Partnership and S Corporation Returns are Delayed by New K-2 and K-3 Requirements
Co-authored by Stuart Lyons
A new filing requirement was rolled out by the IRS last year that will apply to many 2021 flow-through tax returns (partnerships and S corporations). While it relates to foreign taxes, recent IRS guidance makes it clear that in practice, its reach will extend to nearly every entity that files a Form 1065 or 1120S, even in the absence of foreign activity. Worse, last minute changes by the IRS in finalizing the forms and instructions (and broadening the reach of this requirement) have left tax preparation software companies scrambling to update their systems, forcing delays of e-filing forms that otherwise are ready to be delivered.
The foreign tax credit is used to reduce U.S. taxes. Oversimplifying greatly, U.S. individuals generally must report income earned worldwide and compute preliminary U.S. income tax based on that amount. But if a portion of that income was also taxed in a foreign country, to avoid double-taxation that foreign tax may be deducted from the U.S. preliminary tax to yield a net U.S. tax amount. However, the computations are far more complex than that. For instance, the credit can be limited if the foreign jurisdiction’s tax rate exceeds the U.S. rate. Detailed computations are based on numerous categories of income, direct expenses, and allocated expenses. A taxpayer may earn foreign income from a number of sources, and pay tax to multiple jurisdictions. Often a taxpayer’s foreign income and foreign taxes are reported on numerous Schedules K-1, each one reporting his or her share of that flow-through entity’s activities. All of these components are combined into a single foreign tax credit computation on that filer’s own income tax return. Individuals, estates, and trusts report the credit on Form 1116, and corporations report it on Form 1118, attaching those forms to the respective Forms 1040 or 1120. (Note that individuals can elect to forgo filing Form 1116 if the credit will not exceed $300, or $600 for married couples filing a joint return.)
Historically, K-1s received by partners and S corporation shareholders report each owner’s share of the entity’s foreign income, expenses, and taxes on specific lines on that K-1, most recently on lines 14 and 16 of S corporation and partnership K-1s, respectively. New Schedules K-2 and K-3 can be described as greatly expanded versions of those lines. (Greatly is no exaggeration, as these new schedules, in draft form, range from 14 to 20 pages each.) Schedule K-3 is to be provided to each owner (accompanying the familiar K-1), while K-2 is presented on the entity return.
Schedules K-2 and K-3 are required to be prepared by each pass-through entity unless the entity knows with certainty that a K-1 recipient taxpayer will not need to file a Form 1116 or 1118. In other words, this filing requirement has been placed not only on entities that actually undertake foreign activity and generate foreign tax, but also on completely domestic entities – unless their owners (the “top” owners, in the case of tiered partnerships) are certain to not have a Form 1116 or 1118 filing requirement. Obviously most entities have no way of knowing all the details of their owners’ (and their owners’ owners’) unrelated finances, including, for example, how much foreign tax was generated in an owner’s Vanguard or Fidelity investment accounts. For this reason, it may be advisable for all pass-through entities to populate Schedules K-2 and K-3.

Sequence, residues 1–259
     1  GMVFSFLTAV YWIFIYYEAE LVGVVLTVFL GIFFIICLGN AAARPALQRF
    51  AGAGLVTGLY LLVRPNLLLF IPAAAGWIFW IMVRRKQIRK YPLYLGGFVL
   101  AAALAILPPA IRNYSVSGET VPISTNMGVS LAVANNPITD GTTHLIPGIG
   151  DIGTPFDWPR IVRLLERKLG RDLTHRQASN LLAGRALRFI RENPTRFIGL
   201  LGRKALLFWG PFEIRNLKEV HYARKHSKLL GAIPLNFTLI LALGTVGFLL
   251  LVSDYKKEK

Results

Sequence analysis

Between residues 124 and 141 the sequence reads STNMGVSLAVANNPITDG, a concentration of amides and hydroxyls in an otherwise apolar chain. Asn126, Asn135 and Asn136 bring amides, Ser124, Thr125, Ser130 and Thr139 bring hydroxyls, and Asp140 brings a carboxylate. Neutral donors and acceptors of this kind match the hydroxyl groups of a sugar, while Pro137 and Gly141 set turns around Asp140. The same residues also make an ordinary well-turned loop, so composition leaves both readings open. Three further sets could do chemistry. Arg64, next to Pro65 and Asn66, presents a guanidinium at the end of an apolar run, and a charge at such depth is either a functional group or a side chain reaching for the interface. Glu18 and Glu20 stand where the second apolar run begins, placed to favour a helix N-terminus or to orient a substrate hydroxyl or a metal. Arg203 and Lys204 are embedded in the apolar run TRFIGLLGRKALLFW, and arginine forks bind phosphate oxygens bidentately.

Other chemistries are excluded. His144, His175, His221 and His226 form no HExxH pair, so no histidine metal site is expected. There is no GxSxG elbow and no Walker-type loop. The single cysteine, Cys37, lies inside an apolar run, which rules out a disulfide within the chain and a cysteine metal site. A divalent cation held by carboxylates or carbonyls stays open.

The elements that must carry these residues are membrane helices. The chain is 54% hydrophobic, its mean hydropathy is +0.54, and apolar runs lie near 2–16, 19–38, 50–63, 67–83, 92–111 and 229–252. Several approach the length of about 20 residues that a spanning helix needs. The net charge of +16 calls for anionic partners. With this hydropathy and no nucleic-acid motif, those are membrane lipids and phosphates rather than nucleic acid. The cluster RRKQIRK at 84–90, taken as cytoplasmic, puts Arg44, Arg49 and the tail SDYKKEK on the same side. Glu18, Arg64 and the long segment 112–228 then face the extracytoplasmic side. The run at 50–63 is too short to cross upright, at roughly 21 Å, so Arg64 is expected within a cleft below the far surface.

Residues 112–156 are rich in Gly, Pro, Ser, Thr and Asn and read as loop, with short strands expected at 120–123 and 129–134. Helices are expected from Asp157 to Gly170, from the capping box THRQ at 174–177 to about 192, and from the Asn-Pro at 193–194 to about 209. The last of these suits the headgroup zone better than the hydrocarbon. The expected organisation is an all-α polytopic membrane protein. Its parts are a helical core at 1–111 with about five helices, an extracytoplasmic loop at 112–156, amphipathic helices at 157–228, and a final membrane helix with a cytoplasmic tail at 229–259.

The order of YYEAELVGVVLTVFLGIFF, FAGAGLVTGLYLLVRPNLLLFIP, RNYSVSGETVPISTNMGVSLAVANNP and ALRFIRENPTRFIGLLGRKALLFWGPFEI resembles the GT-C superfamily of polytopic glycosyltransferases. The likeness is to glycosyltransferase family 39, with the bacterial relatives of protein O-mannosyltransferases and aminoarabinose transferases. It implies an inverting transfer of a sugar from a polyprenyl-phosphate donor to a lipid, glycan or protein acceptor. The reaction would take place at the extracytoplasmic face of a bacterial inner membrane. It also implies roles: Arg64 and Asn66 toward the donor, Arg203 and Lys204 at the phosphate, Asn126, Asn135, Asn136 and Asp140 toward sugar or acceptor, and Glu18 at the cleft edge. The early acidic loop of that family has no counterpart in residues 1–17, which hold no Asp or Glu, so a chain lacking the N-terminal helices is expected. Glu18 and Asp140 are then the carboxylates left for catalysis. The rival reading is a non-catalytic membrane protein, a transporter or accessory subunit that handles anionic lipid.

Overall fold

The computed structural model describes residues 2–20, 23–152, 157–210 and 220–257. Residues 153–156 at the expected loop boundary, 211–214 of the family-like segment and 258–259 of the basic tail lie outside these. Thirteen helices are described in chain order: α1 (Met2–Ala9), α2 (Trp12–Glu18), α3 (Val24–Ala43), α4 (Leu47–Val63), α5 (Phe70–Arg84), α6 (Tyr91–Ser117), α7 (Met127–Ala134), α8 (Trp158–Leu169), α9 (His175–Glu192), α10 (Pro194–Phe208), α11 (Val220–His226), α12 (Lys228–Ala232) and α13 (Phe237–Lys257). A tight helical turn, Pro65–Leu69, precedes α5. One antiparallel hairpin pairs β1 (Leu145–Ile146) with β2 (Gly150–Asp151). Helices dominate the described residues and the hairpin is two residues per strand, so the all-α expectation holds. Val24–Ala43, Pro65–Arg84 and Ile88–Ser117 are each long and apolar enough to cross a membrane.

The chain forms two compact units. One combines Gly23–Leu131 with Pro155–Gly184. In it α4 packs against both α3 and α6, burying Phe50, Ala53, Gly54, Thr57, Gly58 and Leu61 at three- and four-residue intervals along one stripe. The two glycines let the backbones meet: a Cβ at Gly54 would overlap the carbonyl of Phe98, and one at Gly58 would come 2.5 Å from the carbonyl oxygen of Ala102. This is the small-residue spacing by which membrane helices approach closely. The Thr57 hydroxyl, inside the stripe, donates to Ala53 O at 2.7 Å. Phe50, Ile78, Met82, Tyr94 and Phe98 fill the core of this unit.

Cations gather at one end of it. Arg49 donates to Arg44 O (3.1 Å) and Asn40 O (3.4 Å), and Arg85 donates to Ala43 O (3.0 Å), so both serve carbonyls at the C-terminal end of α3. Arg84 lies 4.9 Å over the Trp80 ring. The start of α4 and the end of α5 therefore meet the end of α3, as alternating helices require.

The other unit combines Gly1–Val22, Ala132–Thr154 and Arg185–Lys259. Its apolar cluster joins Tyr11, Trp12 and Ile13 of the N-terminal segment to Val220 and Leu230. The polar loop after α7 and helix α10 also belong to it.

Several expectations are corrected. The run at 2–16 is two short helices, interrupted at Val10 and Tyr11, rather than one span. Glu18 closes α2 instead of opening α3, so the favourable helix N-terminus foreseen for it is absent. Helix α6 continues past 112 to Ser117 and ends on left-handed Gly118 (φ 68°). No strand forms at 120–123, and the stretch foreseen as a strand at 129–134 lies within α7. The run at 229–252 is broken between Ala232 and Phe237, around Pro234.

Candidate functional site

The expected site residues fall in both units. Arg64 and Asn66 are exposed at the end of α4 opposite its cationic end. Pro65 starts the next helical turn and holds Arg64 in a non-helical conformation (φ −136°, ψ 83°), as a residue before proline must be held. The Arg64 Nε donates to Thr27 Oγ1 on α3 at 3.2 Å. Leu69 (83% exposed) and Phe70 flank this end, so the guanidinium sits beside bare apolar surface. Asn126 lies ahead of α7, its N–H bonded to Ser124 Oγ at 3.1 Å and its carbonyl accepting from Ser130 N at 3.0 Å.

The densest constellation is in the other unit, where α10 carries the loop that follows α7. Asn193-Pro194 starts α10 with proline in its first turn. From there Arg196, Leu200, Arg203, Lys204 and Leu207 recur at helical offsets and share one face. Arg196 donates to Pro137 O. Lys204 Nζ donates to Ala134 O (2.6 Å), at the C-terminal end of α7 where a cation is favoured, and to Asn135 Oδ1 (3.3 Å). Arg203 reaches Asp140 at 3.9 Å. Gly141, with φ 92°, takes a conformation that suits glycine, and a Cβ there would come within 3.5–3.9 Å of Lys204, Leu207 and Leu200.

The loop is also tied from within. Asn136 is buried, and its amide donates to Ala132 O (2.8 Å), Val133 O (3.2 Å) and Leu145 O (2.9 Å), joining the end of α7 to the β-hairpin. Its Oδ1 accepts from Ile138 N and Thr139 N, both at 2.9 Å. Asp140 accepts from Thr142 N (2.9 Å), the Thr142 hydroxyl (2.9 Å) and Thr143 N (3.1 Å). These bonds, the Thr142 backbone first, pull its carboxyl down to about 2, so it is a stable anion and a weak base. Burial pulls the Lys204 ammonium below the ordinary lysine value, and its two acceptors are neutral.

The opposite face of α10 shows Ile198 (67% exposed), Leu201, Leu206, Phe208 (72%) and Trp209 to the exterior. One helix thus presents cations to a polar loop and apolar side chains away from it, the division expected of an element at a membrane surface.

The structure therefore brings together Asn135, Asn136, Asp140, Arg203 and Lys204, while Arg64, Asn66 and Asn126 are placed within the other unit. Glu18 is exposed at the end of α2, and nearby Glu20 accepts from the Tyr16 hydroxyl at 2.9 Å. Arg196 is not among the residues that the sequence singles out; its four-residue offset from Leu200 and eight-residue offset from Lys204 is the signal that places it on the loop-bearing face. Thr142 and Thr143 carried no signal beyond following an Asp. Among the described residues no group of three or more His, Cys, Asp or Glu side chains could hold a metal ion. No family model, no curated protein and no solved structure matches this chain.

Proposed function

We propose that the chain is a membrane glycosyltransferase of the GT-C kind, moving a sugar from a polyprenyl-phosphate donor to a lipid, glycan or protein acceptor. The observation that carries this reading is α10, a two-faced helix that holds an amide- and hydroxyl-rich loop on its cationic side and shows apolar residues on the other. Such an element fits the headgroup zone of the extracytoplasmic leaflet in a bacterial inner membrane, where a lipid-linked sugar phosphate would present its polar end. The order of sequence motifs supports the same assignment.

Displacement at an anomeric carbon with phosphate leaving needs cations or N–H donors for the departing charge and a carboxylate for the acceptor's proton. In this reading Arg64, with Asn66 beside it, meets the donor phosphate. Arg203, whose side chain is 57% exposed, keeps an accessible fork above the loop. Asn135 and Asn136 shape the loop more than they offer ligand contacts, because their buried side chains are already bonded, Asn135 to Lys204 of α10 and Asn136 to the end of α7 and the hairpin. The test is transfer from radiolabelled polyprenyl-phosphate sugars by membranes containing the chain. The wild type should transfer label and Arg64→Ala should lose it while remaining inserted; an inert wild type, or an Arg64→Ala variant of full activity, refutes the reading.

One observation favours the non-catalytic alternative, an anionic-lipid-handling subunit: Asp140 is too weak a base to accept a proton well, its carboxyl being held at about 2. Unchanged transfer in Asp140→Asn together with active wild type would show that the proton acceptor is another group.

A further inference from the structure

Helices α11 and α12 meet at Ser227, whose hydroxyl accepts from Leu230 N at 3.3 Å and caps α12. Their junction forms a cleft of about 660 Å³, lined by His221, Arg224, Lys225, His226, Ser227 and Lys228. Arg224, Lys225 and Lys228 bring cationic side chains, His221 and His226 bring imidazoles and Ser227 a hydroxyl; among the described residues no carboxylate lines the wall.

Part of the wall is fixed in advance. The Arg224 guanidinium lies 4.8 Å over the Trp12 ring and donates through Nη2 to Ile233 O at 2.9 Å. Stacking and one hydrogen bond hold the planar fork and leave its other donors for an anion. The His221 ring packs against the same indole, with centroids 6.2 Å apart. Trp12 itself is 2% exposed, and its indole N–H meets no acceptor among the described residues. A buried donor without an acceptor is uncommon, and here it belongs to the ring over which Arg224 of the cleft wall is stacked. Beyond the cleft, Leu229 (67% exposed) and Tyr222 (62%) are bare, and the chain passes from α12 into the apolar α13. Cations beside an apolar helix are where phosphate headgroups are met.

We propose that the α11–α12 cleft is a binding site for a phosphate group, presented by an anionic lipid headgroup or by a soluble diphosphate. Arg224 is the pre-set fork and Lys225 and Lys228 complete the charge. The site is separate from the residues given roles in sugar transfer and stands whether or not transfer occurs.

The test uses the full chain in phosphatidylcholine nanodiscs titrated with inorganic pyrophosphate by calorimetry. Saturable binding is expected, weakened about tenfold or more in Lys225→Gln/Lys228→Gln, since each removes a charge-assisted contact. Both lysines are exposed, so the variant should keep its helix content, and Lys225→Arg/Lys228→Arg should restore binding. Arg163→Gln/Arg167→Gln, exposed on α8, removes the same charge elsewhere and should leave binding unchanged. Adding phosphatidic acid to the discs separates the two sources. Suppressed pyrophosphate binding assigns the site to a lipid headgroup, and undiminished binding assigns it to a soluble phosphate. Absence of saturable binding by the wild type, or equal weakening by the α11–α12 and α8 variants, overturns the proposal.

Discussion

Obviously this is a massive and burdensome requirement. Earlier drafts of the K-2 and K-3 instructions provided a much more liberal approach, which would have imposed this filing requirement on a narrower, targeted group of filers. Practitioners like us were surprised (and frustrated) to see in very recent, updated guidance that the IRS had widened its net. Tax preparation software and the IRS’ own e-filing system have not yet been updated to accommodate these stringent new requirements. It is possible that entities without any foreign activity will be able to e-file returns within the next few weeks, but it may not be possible without extensions to file 2021 returns that report foreign activity.
We remain hopeful that the IRS will revise and ease some of the more stringent requirements surrounding new Schedules K-2 and K-3, because in so many cases this will represent little more than a lot of busy work. But we have no assurance that changes will be forthcoming, in spite of many complaints from the industry. In the meantime, the abrupt, recent change in filing instructions have already begun creating a logjam of Forms 1065 and 1120S across the country, and that promises to get worse before it gets better.
For more information, please contact your BNN tax advisor at 800.244.7444.
Disclaimer of Liability: This publication is intended to provide general information to our clients and friends. It does not constitute accounting, tax, investment, or legal advice; nor is it intended to convey a thorough treatment of the subject matter.